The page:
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Bennett CerfBennett Cerf
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Oh, there were lots of them, but usually the author wouldn't allow them to be edited. What infuriates me is when you read in a review: “Why wasn't the publisher doing his job?" Usually the publisher shed blood trying to get the author to make changes, and the author refused. The author is the last word in publishing. When you sell a story to the movies or television they can do anything they want with it, but the author of a book has the last word. The only alternative you have is to say, “I won't publish it at all.” If he says, “I won't take this out,” you leave it in or you don't publish the book.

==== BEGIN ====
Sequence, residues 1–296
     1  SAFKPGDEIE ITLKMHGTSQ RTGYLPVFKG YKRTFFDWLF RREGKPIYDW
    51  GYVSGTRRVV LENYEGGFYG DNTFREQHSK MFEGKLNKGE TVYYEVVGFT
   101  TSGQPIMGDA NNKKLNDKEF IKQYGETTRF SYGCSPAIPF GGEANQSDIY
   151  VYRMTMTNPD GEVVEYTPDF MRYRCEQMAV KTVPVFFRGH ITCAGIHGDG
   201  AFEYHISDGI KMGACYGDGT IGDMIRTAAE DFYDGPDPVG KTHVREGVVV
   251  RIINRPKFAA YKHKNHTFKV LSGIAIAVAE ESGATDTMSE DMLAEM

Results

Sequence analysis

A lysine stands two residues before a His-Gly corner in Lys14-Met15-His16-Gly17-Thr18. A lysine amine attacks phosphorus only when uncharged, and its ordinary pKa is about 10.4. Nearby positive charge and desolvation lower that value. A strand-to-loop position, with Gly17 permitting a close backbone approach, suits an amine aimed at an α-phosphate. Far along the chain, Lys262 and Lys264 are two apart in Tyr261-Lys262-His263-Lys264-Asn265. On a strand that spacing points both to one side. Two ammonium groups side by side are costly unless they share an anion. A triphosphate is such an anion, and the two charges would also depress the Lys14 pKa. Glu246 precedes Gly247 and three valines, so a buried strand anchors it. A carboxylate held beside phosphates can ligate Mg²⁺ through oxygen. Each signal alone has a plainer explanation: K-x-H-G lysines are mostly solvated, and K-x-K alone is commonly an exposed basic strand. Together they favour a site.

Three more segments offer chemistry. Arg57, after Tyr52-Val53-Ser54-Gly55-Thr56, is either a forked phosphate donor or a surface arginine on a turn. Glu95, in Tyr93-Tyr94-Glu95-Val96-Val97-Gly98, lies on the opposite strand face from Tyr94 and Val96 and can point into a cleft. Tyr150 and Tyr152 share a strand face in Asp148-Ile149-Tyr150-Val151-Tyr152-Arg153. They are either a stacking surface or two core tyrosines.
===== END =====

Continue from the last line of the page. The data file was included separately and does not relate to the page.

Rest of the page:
The time that a publisher can be helpful is with a young author who will listen, who hasn't gotten too big for his boots yet. For instance, an unknown named Mac Hyman once brought in a book to us that had been turned down by three or four other publishers. Our Bob Linscott read it and said, “I think this book is terribly funny, but it's much too long.” It concerned the Korean War. I took it home and read it and I have never laughed harder at a book. I had to put it down three or four times, just choking with laughter. Of course we grabbed the book, and we persuaded the author to throw the entire last half of it out. We cut the book absolutely in half, and I thought of a good name for the book: No Time for Sergeants. It turned out to be one of the great successes of the past ten years. What a fortune young Mac Hyman made on it! First of all, it was a Book-of-the-Month selection, then number one for months on

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